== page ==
The previous post Response-ish Web Design explained how we are slowly gaining content parity between the responsive and desktop websites. We’ve recently started adding tabulated data onto the responsive site. Its hard to do, here’s how we’ve done it so far.
When I say hard, I don’t mean “Chuck Norris” hard, as there are plenty of examples showing you how to do responsive tables. I mean “Kick-Ass” hard, as no matter how many times we break the problem’s legs it keeps getting back up to tap us on the shoulder and pick another fight.
Where’s the bazooka?
For the 2013 local elections coverage we added tabulated data to the reponsive site for the first time. One of the data sets was a collection of political parties, the properties of each party was:
- Party name
- Councils won
- Change in councils percentage
- Councillors won
- Change in councillors percentage
The best responsive table example I found was made by Aaron Gustafson, so I started off by copying that. Aaron very cleverly changes the table into a definition list when the screen gets too small to display the table.
This is done by changing each
<td> into a block level element, then using the value in a data property as a definition title. The first column in the row is the party name, this acts as a sub-header within the definition list.
Its a really clever, pragmatic way to get the table to display as a definition list. As the table shrinks down to change into a definition list, it means the CSS pseudo element and pseudo content styling is placed in a media query, so legacy IE browsers don’t need a polyfill or alternative solution.
This isn’t “mobile first” so our immediate concern is that it is a #RWD anti-pattern. The semantic structure of the content is tabular, so the HTML should be written as a
<table>. Tables have their presentation baked into their semantic meaning, so this means the only way we can add tables to a #RWD page is if we make the initial state of it as wide as the content needs to be.
Additional break points required
The only issue I found with Aaron’s implementation was that its limited to just two states: the definition list and the table. Because there were five columns in the table the break point for the definition list is set from 0 to 600px. A 600px wide definition list doesn’t make the best use of the space available, so I added in an additional break point from 241px to 600px.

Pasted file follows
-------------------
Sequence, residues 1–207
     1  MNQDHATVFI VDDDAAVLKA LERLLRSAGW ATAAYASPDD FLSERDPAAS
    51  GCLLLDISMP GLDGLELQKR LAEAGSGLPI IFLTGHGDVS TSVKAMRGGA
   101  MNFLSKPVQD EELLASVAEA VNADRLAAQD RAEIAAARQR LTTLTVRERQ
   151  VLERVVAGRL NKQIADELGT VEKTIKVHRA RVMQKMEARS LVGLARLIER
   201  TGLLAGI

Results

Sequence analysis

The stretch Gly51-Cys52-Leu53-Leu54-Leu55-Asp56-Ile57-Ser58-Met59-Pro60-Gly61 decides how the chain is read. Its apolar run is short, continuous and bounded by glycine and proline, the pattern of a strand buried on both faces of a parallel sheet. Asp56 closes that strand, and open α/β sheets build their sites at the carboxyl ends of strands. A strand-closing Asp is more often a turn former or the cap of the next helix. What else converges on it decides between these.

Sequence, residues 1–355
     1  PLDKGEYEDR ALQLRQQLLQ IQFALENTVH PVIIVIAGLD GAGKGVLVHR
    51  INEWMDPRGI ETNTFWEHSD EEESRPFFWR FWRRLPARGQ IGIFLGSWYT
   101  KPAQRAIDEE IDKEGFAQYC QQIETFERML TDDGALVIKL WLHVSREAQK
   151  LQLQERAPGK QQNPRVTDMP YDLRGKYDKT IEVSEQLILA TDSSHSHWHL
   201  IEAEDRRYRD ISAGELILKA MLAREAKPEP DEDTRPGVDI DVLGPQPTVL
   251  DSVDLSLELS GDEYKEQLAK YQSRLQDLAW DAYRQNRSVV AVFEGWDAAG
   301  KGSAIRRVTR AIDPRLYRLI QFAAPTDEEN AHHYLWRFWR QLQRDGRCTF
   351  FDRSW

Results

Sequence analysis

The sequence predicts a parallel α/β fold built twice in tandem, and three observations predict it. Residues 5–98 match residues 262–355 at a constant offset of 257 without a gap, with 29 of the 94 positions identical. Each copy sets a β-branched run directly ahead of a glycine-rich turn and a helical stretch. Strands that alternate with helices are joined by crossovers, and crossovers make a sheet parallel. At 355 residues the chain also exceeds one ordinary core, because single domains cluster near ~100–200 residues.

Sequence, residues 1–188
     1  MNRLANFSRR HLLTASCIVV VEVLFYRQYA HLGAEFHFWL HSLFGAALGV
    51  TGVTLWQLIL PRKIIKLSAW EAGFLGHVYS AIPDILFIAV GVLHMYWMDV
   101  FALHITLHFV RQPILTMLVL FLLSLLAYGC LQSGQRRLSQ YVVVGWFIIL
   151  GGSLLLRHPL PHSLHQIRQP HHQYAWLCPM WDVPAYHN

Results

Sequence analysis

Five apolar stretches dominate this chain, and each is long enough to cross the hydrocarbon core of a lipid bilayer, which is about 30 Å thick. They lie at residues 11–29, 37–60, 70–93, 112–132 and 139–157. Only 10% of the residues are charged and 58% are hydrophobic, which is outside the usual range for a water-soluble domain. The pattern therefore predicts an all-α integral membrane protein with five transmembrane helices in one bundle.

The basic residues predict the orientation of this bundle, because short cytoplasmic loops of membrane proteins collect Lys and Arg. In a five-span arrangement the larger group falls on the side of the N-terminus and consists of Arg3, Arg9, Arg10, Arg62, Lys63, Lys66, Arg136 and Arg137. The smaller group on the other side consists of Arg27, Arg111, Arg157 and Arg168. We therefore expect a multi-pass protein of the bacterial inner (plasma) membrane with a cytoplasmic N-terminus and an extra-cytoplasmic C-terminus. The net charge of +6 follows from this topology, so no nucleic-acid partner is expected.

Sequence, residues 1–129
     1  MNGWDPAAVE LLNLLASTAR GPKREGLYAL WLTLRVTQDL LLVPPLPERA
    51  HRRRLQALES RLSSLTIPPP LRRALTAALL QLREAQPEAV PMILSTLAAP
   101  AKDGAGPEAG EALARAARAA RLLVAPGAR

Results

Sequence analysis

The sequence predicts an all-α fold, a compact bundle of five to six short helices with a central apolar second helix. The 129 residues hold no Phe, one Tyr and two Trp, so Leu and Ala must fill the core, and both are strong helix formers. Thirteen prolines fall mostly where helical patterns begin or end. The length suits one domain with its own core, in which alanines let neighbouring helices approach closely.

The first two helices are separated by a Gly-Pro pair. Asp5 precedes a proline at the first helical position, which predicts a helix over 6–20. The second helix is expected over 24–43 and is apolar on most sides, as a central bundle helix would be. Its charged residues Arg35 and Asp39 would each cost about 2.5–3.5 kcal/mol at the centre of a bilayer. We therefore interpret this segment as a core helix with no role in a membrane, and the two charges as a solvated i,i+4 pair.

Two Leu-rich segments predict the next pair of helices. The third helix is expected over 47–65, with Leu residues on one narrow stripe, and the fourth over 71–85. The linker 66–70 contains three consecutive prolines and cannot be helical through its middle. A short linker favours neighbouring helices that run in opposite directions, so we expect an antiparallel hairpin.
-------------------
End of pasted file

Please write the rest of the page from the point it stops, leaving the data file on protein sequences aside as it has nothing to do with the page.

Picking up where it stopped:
241px to 600px break point
I made the first column act as a sub header with the table, making it look like a seperate row that spans the other 4 columns. This breaks the layout of the table though, as the
<td>s no longer align with
<th>s in the table header.
display: block; on a
td will move that element out of the table structure, breaking the presentational alignment.
<div>s are added into the page and populated with the column names using CSS pseudo content (so screen readers do not get the header read out to them twice).
“WTF are you supposed to be? The green condom?”
When we first showed this to our management they were pleased. They thought we had a solution for putting tabulated data onto the responsive website. However the problem isn’t that simple.
This solution works because of the structure of the data. Each row has an obvious sub header: the party name. This solution could be used for other similiarly structured data, but not all tabulated data that we display on the desktop site.
Making responsive web design work with content that comes from a CMS is hard. Making small sites is simpler, as you are able to build custom solutions for data in a limited set of pages. But with a CMS you need to apply patterns that any data can fit into.
Because of this, CMS’s will need to improve previewing for specific content types, and maybe give the user different layout options for them. As a technologist the worst thing you could do in this situation is to limit the type of data that the user can make. If the technology is dictating the content, then you’re doing it wrong.
By Tom Maslen @tmaslen